Craig addressed earlier why the matter isn’t worth freaking out about, and that probably still holds true because the baseball season is long and because anything can happen, but it appears that this is now becoming a near fact: CC Sabathia, if everything goes according to plan production-wise, will opt out of his current contract in the fall of 2011.
That’s what Mark Feinsand of the New York Daily News heard from a source on Monday night, it is what the great Jeff Passan of Yahoo! Sports guessed earlier this evening. And, well, it makes complete sense.
If Sabathia pitches like he has for the last three seasons — finishing with an ERA under 3.50 and a strikeout total near 200 — the Yankees will almost certainly buck up and give him a small raise like they did with third baseman Alex Rodriguez a couple of seasons ago.
Right now, Sabathia’s contract calls for a $23 million salary per season through 2015. With another dominant stat line, he could push that to something like $25 million a year and maybe even add coverage through 2016. The Yankees would probably make a quick bid and Sabathia would probably accept. He seems comfortable in New York and seems to enjoy playing with the Yanks’ current cast of characters.
Of course, the sane baseball fan is probably wondering why this is a conversation. It’s just way too early. If Sabathia spends an extended amount of time on the disabled list this season or simply doesn’t pitch all that well, the whole narrative changes. The Yankees aren’t going to suddenly restructure the deal this winter with no leverage at all. It’s a non-story until Sabathia starts compiling starts and we can play with the numbers.
The thought of a free agent market populated by Sabathia and Albert Pujols is a fun one, but it’s just a thought at this point for both cases.
LOS ANGELES (AP) San Francisco lefty Matt Moore lost his no-hit bid with two outs in the ninth inning on a soft, clean single by Corey Seager, and the Giants beat the Los Angeles Dodgers 4-0 Thursday night.
Moore’s try ended on his 133rd pitch. It was Seager Bobblehead Night at Dodger Stadium, and a sellout crowd cheered Moore after the ball plopped onto the grass in shallow right field.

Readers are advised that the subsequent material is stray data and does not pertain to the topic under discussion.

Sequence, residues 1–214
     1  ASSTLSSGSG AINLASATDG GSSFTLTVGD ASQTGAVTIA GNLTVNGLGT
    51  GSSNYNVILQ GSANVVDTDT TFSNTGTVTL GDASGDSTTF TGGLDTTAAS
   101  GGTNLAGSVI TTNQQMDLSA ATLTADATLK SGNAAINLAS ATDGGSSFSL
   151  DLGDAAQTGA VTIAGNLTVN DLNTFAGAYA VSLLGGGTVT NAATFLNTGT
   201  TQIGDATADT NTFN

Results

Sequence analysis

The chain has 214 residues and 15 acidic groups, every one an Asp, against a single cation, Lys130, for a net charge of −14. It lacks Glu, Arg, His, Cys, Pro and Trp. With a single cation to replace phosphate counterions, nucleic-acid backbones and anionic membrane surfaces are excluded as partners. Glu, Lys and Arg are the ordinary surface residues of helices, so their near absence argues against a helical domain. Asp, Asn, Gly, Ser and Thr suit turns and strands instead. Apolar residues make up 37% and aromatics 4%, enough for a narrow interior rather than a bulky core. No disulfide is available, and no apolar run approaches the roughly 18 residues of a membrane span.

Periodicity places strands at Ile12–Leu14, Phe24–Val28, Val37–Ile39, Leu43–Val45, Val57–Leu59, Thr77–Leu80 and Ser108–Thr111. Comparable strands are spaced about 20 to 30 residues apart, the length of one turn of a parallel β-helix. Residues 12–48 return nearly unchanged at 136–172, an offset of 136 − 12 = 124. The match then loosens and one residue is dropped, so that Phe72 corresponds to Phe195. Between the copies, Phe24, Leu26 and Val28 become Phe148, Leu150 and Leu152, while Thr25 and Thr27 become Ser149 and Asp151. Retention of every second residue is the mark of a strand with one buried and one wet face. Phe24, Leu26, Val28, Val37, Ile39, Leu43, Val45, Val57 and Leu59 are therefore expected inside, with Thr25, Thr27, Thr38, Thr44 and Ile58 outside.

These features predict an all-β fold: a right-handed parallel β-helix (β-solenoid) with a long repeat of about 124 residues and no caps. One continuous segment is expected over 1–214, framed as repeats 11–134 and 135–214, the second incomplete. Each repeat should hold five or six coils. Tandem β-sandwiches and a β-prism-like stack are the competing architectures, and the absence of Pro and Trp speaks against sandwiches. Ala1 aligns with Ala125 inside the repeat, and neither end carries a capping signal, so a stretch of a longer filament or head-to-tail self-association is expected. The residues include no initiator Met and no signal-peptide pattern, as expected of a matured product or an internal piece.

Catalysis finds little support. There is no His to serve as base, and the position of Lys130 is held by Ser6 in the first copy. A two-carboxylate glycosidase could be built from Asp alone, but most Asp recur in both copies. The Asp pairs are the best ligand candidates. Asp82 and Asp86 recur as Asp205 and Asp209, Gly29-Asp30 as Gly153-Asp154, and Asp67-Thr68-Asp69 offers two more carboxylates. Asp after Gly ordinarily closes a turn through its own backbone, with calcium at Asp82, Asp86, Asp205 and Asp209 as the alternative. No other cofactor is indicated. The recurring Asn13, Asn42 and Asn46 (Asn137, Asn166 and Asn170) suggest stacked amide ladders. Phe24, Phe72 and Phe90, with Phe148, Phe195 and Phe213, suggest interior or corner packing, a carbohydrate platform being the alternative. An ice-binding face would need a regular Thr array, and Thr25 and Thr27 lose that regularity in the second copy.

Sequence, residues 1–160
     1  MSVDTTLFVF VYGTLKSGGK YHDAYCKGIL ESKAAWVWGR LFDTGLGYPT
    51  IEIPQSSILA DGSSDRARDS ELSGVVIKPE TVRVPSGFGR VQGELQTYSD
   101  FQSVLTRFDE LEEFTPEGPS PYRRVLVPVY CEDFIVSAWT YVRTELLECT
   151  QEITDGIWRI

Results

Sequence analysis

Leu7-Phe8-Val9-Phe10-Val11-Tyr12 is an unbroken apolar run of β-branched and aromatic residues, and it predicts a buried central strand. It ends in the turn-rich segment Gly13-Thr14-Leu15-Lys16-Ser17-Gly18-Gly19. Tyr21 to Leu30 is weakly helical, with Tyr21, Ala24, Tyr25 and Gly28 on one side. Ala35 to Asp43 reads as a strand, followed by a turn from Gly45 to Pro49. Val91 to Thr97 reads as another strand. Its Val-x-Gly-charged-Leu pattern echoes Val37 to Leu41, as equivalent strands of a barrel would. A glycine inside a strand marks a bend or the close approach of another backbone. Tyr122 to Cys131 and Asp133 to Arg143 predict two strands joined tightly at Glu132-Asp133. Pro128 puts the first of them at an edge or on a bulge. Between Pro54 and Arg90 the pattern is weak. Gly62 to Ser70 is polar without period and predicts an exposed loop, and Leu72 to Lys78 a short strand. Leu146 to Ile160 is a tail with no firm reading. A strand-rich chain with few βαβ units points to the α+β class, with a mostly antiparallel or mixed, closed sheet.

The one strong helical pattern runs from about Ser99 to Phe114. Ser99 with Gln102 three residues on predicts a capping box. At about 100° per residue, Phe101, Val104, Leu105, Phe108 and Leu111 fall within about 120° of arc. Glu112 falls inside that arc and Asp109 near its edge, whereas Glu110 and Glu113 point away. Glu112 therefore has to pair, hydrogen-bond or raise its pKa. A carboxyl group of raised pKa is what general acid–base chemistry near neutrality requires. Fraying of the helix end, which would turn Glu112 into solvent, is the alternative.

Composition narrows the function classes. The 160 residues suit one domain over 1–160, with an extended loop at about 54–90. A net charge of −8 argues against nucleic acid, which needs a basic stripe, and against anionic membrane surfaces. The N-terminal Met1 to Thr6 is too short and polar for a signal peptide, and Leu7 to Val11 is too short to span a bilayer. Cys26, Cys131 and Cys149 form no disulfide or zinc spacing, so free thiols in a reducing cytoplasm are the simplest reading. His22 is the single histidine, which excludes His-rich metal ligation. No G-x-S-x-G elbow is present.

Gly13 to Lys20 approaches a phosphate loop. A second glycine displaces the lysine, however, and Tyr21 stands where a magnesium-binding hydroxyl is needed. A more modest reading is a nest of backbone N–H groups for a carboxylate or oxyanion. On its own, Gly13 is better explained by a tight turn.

Moore was pulled immediately. Giants manager Bruce Bochy had been pacing in the dugout for a couple of innings as Moore’s pitch count climbed – he missed most of the last two seasons after Tommy John surgery.
Giants center fielder Denard Span sprinted for two outstanding catches, including a leadoff grab in the ninth, to give Moore a chance.
Moore earned his first win for the Giants since they got him in a trade with Tampa Bay on Aug. 1.
The 27-year-old Moore nearly gave San Francisco a major league record five straight years with a no-hitter. And he almost became the first Giants pitcher to no-hit the archrival Dodgers since 1915, when New York’s Rube Marquard stopped Brooklyn.
Moore struck out seven and walked three. Reliever Santiago Casilla needed just one pitch to get the final out.
The win moved the Giants within two games of the NL West-leading Dodgers.
The Mets rode a bloop hit and a fortuitous slide by Yoenis Cespedes into a four-run fifth inning against the Cardinals during Thursday night’s game.
After Cespedes drew a one-out walk, James Loney hit a weak pop-up into shallow left field. Left fielder Brandon Moss and shortstop Greg Garcia both gave chase but it dropped in. Cespedes, running the bases aggressively, sprinted towards third base. Moss scooped up the ball and threw to Adam Wainwright covering third base.
Cespedes appeared to have been tagged out by Wainwright, but as luck would have it, Cespedes’ cleats stuck on Wainwright’s glove and yanked it off. Cespedes was ruled safe and the Cardinals challenged the call, but it was ultimately upheld.
After that play, Curtis Granderson struck out, Wilmer Flores reached on a fielding error by Garcia, and Alejandro De Aza hit a three-run home run to right field, pushing the Mets’ lead to 7-0.